Writer Mary Agnes Donoghue debuts as a film director with her careful adaptation of a 1987 French drama Le grand chemin [written and directed by Jean-Loup Hubert]. Story focuses on 10-year-old Elijah Wood, sent by his pregnant mom (Eve Gordon) to spend a school vacation in the sleepy town of Paradise. Melanie Griffith and husband Don Johnson, who are mysteriously cold to each other, take care of the boy. There’s a third reel revelation that the death of their three-year-old son in 1987 has driven a wedge between them.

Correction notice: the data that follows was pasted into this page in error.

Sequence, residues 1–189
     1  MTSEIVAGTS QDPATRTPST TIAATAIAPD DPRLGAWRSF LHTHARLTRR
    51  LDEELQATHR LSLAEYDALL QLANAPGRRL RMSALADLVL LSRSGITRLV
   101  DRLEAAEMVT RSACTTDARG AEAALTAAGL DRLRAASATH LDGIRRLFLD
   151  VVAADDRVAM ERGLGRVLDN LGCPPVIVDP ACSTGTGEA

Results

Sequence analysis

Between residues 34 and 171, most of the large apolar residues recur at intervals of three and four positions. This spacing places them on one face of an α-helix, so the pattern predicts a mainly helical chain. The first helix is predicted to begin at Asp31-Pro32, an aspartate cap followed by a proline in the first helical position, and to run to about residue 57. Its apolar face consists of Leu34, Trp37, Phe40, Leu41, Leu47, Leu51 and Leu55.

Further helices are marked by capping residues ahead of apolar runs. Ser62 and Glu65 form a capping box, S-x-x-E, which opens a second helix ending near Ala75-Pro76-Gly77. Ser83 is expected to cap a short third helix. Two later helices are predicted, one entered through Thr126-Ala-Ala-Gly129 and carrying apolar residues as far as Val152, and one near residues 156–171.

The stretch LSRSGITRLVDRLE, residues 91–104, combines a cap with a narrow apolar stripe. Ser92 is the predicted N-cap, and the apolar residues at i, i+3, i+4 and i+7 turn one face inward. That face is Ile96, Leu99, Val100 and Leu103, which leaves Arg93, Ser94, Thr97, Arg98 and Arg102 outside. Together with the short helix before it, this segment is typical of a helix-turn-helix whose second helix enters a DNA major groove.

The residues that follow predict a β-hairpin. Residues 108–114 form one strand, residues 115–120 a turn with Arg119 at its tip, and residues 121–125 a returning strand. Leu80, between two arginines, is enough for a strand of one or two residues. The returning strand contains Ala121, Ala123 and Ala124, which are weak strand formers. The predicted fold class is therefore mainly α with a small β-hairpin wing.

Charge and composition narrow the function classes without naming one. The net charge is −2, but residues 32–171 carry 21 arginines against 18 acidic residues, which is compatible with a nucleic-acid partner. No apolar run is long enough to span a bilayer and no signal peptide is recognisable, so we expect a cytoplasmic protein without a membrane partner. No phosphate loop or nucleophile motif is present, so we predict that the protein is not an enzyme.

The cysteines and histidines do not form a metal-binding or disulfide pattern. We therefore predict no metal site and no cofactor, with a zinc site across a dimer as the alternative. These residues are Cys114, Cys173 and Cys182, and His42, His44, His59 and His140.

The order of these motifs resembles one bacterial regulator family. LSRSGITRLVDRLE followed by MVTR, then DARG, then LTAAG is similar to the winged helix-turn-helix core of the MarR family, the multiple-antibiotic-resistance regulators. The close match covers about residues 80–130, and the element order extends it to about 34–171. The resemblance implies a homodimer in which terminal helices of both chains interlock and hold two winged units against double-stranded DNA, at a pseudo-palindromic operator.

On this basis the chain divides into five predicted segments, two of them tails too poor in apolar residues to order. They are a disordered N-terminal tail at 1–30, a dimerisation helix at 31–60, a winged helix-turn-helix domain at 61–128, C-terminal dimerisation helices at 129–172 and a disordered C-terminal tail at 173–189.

The boy is befriended by nine-year-old Thora Birch, and film gently follows their pranks and adventures in an idyllic natural setting. Duo have in common the absence of a father; Wood’s is supposedly away at sea while Birch’s is a roller-skating instructor in a nearby town.
Donoghue shows impressive self-assurance for a first-time helmer in not rushing the pace or overdoing the maudlin elements of this material. Birch is irresistible as the wise little girl, whose gestures and body language are a treat throughout the picture. Wood underplays and is very natural.
Johnson and Griffith co-star for the first time with effective overtones of a longstanding off-screen relationship (married twice). Both are deglamorized for their character roles and are convincing as a rustic, unsophisticated couple.